I selected the manatees image from last week’s prompt for my 20 minute sprint this time around.
Summer in Florida:
Jason wasn’t thrilled with the idea of forty minutes in a car with his cousins.
He was far less than thrilled with the prospect of two weeks in Florida at his grandparents with said cousins and none of his aunts and uncles or his parents around to keep anyone in line. His grandparents let the kids do whatever they wanted. He hadn’t liked it when he was eight. He definitely didn’t like it now that he was eighteen.
As the “grown up” among the grandchildren, he was expected to help out. To drive the second car, to help cook, to clean up after everyone, to make sure no one got hurt.
No one had done any of that when he was little. He’d already been doing everything but the driving by ten, and his cousins were mostly in the ten to fifteen range. Why didn’t they have to do any of it?
Jason settled into the driver’s seat of the ancient sedan and counted heads.
Fifteen-year-old Kelly in the front, nine-year-old Jacob, eleven-year-old Evan, and eleven-year-old Julie in the back. He had the four cousins he was in charge of for the day, so he hit the button on the navigation app and started backing out of the driveway.
They were driving all the way to Tampa Bay to take the kids for a tour of some little place that raised money to protect the manatees. Jason expected the kids to find it boring and tiny and complain the whole way there and the whole way back.
Once they hit the highway, Jason found a pop station on the radio. It wasn’t his favorite stuff, but it kept the kids mostly behaving as they sang along with their favorite songs. Not all of the lyrics being completely accurate. Kelly was a budding comedian and liked to make up Weird Al Yankovic style lyrics to songs. Jason had to admit that some of them were pretty funny.
They did start complaining, and randomly chanting “are we there yet” at about the thirty minute mark.
Jason tried to ignore them and drive. It was not the easiest thing in the world, but he finally pulled up and parked where directed. He’d pulled out of the driveway before his grandparents, and they drove below the speed limit, so Jason didn’t bother waiting in the parking lot for them, the station wagon, and six more cousins. He just led his bunch across the sandy lot toward the buildings and what he hoped was the little museum.
“They have a penny press,” Kelly said, digging in her purse for change. “Who wants one?” she asked.
“Those a lame,” her little brother Evan replied.
“I want one,” Julie said, giving Evan a push so she could stand beside Kelly and watch her penny get flattened into a new design.
“No pushing, guys,” Jason said in a tired voice. “If you can keep it down and behave yourselves, I’ll get everyone a treat on the way home.”
There was a cheer from his cousins.
“But you all have to behave,” he cautioned. “One of you being bad ruins it for everybody.”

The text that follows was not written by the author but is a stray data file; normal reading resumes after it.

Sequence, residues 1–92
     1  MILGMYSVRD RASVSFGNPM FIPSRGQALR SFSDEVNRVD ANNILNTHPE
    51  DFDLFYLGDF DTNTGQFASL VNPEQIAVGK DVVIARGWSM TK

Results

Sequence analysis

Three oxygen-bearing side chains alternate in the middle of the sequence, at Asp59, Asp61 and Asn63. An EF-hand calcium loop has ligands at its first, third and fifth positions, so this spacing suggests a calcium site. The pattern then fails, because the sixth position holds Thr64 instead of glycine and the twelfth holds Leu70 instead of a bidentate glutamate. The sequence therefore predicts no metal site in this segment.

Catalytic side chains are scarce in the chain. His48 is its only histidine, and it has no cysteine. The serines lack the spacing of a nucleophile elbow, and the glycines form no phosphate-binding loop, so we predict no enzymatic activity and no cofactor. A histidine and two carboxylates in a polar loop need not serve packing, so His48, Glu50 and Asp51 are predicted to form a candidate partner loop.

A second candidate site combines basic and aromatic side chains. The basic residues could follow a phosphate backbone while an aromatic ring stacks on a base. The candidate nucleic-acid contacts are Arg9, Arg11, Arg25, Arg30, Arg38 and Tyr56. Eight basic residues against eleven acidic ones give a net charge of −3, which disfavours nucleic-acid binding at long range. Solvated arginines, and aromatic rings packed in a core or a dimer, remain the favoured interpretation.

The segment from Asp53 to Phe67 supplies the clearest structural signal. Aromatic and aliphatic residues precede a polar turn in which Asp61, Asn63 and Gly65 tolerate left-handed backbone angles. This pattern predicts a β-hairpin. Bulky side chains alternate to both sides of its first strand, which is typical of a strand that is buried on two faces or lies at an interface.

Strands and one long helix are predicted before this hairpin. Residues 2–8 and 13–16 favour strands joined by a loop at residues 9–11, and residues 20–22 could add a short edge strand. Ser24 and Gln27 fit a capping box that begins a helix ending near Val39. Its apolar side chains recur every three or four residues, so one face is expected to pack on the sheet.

“That’s what Dad always says,” Jacob said.
“Yeah, and it’s always the baby who messes it up,” Julie agreed.
“Aren’t you glad your baby sister isn’t in my car today then?” Jason asked.
“Yeah,” Evan replied with enthusiasm. “Do we have to wait for them, or can we go look?”
“Kelly, will you stay with Julie please?” Jason asked.
“Yeah, I’ll keep an eye on her until we meet back up with you,” Kelly replied.
As his oldest cousin, Kelly wasn’t too bad by herself. It was just adding in her three siblings and all the other cousins that made it awful.
“Thanks, Kelly,” Jason said before leading the two boys into the building. It was a tiny museum, just like his grandparents had indicated. Jason trailed along behind as they ran ahead. It was small enough that he could keep them in sight while also looking at and reading a few exhibits.
Manatees were actually neat creatures. He remembered seeing one at the big aquarium a few years ago when his parents had last brought him to visit. That trip had been nice. The five of them had spent the whole time exploring museums, art shows, and aquariums. He’d learned a ton and gotten to see some amazing things. He didn’t see that happening with all his cousins in tow.
Jason glanced up and made sure Jacob and Evan were still in sight. They were hunkered down playing in the sand of an interactive exhibit, so he went back to reading exhibits. The power plant vented hot water into the ocean, and that’s why the manatees congregated here. They were warm blooded mammals after all.
Jason looked down where there was a tug on his shirt.
Jacob was there with Evan behind him.
“What’s up, guys?” Jason asked.
“There’s a movie deal playing, will you come sit with us?” Evan asked.
“Sure. Thanks for coming to get me rather than disappearing,” Jason said, ruffling Jacob’s hair and smiling down at Evan.
“We’re trying to be good today,” Evan replied. “We know you only bribe us when you’re getting fed up with us.”
“It’s not personal,” Jason said. “I just don’t like being forced to babysit for two whole weeks with no breaks.”
“At least they don’t stick you with Mindy very often,” Evan said. “Grandma always takes care of the baby.”
“True, but when I was your age, I took care of myself most of the time, so it grates a little that we can’t let you guys have the freedom I did as a kid.”
“Mom and Dad are too freaked about some stranger snatching us,” Evan replied.
“My mom worries about the neighbors snatching us,” Jacob murmured as they paused outside the little theatre.
“I won’t let anyone snatch you guys. I promise,” Jason said.
Jacob grabbed his hand, and Evan moved so he could hold the other.
“Looks like the credits now, so if we sit, we can see it from the beginning,” Jason said as he led them in. Maybe having his cousins around wasn’t that bad. They did mind him pretty well, and they were smarter than their parents realized.